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An update from Alfie - August 2020

Lockdown has been a strange mix of emotions for us. It was a bad situation at the start with all the worry of keeping Alfie safe but ended up with some good coming out of it. 

When it began I was terrified that if Alfie caught coronavirus he might not get the care he needed. Hospital beds were in short supply and I could not help thinking that if there was one bed and two children needed it, the child with the bigger chance of survival would be chosen. And that wouldn’t be Alfie. 

Even Julia’s House coming in, with all the careful precautions the nurses would take, seemed too big a risk.

Because we were in total isolation, no hospital appointments, no visitors, no going out, Alfie wasn’t exposed to usual bugs and illnesses that can make him really poorly. 

The result was that Alfie’s heart function massively improved, doubled from 20 to 40 per cent. This was expected to take years but happened in just six months, such wonderful, amazing news.

It was a bit of a shock actually, but a lovely shock. The consultant told us Alfie was stable and no longer in the most vulnerable group for shielding. We would still have to be careful, but no longer living on a cliff edge.

 

It meant I could have Alfie’s nurses back to help us which was fantastic! They have played with him and taken him to the park for some lovely long walks in the fresh air to give me some space and time.

I spent most of these care sessions deep cleaning the house – even cleaning out the fridge! Not very exciting but it actually a massive help, to be able to really focus on a task.

When you have a really poorly child your attention is almost constantly on them. You can’t take your eyes off, even for a moment. Every few seconds you are stopping and looking over to make sure they are OK – things can change so quickly.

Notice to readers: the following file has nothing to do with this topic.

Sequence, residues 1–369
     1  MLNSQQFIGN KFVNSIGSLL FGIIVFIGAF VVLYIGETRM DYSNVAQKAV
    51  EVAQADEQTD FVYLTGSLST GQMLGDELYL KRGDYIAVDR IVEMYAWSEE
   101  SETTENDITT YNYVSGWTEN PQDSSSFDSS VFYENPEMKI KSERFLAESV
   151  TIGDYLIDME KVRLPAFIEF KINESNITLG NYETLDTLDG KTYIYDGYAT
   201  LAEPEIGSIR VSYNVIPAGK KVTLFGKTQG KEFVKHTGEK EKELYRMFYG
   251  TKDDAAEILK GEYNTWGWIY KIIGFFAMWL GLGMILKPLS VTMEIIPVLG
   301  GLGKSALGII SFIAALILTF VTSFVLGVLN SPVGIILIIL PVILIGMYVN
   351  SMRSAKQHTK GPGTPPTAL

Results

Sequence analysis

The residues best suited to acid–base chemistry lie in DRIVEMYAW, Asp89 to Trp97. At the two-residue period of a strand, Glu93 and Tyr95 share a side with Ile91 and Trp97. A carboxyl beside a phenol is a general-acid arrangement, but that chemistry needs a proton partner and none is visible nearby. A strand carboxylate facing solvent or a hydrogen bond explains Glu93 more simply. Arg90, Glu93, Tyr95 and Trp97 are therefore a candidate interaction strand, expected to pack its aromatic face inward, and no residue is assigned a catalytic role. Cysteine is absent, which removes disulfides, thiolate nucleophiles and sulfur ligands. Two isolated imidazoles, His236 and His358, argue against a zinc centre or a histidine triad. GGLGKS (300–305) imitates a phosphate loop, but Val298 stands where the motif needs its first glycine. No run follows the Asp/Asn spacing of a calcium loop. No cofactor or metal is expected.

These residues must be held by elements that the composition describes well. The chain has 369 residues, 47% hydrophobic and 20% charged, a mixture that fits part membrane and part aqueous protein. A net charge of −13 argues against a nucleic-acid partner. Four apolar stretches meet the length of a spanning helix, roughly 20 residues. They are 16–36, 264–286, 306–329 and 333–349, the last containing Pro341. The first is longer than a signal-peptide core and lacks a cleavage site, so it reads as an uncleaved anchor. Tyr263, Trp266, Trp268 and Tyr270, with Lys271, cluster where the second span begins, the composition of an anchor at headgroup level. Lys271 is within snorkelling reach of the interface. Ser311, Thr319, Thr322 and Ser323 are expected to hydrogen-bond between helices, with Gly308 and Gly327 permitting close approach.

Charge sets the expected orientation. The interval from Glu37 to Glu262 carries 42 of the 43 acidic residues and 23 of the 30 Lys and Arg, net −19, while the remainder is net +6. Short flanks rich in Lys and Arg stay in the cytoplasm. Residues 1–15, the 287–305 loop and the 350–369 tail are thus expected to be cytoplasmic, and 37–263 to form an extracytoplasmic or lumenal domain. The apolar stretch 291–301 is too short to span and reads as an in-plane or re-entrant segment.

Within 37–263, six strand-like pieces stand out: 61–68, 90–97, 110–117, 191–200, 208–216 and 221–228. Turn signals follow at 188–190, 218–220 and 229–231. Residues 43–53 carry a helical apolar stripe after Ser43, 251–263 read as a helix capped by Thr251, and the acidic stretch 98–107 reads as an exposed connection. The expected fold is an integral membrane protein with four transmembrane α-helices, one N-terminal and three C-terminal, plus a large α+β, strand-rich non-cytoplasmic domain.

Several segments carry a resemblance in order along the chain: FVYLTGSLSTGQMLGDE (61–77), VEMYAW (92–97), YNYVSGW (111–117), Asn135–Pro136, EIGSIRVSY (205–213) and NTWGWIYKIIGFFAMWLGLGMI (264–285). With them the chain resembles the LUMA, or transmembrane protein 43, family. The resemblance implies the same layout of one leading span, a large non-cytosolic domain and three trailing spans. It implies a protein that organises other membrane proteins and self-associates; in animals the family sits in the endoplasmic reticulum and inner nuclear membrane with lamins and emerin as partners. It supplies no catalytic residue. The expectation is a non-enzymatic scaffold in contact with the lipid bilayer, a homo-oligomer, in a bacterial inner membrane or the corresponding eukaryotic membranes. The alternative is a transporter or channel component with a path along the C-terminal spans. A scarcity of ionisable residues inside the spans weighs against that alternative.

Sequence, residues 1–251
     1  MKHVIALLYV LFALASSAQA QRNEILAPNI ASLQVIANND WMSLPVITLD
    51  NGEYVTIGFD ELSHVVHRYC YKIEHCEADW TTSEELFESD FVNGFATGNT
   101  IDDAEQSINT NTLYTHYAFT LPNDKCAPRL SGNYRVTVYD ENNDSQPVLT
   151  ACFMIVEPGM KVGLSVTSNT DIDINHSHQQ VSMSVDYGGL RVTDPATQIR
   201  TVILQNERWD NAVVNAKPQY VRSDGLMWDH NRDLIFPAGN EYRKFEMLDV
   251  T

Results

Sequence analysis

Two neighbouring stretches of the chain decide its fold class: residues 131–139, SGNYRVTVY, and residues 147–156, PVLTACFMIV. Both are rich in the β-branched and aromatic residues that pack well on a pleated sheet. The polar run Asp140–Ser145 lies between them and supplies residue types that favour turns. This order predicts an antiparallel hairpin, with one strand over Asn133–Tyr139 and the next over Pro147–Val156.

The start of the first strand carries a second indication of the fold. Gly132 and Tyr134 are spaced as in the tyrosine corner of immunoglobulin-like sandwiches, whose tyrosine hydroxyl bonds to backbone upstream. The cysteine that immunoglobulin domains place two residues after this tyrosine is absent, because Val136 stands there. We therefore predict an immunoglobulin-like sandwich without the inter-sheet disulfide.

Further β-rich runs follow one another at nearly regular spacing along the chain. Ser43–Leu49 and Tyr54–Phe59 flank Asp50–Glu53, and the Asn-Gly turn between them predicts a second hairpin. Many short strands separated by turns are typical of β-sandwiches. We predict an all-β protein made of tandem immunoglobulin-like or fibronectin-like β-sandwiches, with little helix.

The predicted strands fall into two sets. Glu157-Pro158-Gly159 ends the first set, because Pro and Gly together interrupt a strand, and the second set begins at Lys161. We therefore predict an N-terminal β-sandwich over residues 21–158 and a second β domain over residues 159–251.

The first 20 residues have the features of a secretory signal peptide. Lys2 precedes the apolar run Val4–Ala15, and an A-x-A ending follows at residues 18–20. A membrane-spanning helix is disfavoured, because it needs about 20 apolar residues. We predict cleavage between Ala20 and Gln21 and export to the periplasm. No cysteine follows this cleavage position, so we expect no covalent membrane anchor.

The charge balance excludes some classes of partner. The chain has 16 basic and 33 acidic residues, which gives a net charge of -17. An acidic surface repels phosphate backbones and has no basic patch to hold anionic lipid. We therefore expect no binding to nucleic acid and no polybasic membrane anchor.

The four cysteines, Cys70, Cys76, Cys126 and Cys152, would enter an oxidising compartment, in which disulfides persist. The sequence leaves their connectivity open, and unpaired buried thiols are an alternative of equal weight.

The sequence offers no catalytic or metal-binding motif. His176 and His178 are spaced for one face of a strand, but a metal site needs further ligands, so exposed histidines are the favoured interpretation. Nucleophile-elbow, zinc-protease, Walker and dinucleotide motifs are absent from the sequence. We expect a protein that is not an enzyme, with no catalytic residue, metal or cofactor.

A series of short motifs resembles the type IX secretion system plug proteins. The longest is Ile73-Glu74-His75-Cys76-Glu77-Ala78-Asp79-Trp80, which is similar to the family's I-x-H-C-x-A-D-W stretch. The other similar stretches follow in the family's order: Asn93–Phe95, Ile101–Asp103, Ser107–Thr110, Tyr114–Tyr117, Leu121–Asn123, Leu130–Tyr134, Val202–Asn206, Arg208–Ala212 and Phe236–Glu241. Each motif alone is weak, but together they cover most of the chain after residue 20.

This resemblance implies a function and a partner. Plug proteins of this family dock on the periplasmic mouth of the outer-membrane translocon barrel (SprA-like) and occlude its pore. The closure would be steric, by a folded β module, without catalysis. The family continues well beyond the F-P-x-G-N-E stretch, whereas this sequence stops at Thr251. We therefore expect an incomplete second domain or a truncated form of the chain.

With Julia’s House supporting us again everything has felt a lot more relaxed – for all of us. Alfie’s sister Tia has had a tough few months and has struggled the most with all this. It is lonely for a young teen to be in strict isolation, away from her friends

When lockdown started to ease it was hard for her to understand why she still had to stay away from everyone. It just didn’t seem fair that she should miss out because of Alfie.

She is really looking forward to going back to school – and I am too! Trying to home school Tia while looking after a seriously ill little boy 24/7 was impossible. I just could not concentrate.

Having Julia’s House back in our lives has been a welcome distraction for everyone. I am so grateful for the help but have felt so mean too – it must be horrible for the nurses to have to work with all the PPE on.

I was worried that it might upset Alfie seeing them in their masks and protective clothing because it would feel like a hospital environment for him but actually Alfie has been really chilled and laid-back about it all – he is just so pleased to see them. 

It has been good for him because being stuck with me all the time was making him very clingy. He needs the distraction of new faces and trips out.

Things certainly have changed - including Alfie.  He went into lockdown as a baby and came out as a toddler. He’s grown into a proper little boy now!

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When you have a really poorly child your attention is almost constantly on them. You can’t take your eyes off, even for a moment. Every few seconds you are stopping and looking over to make sure they are OK – things can change so quickly.

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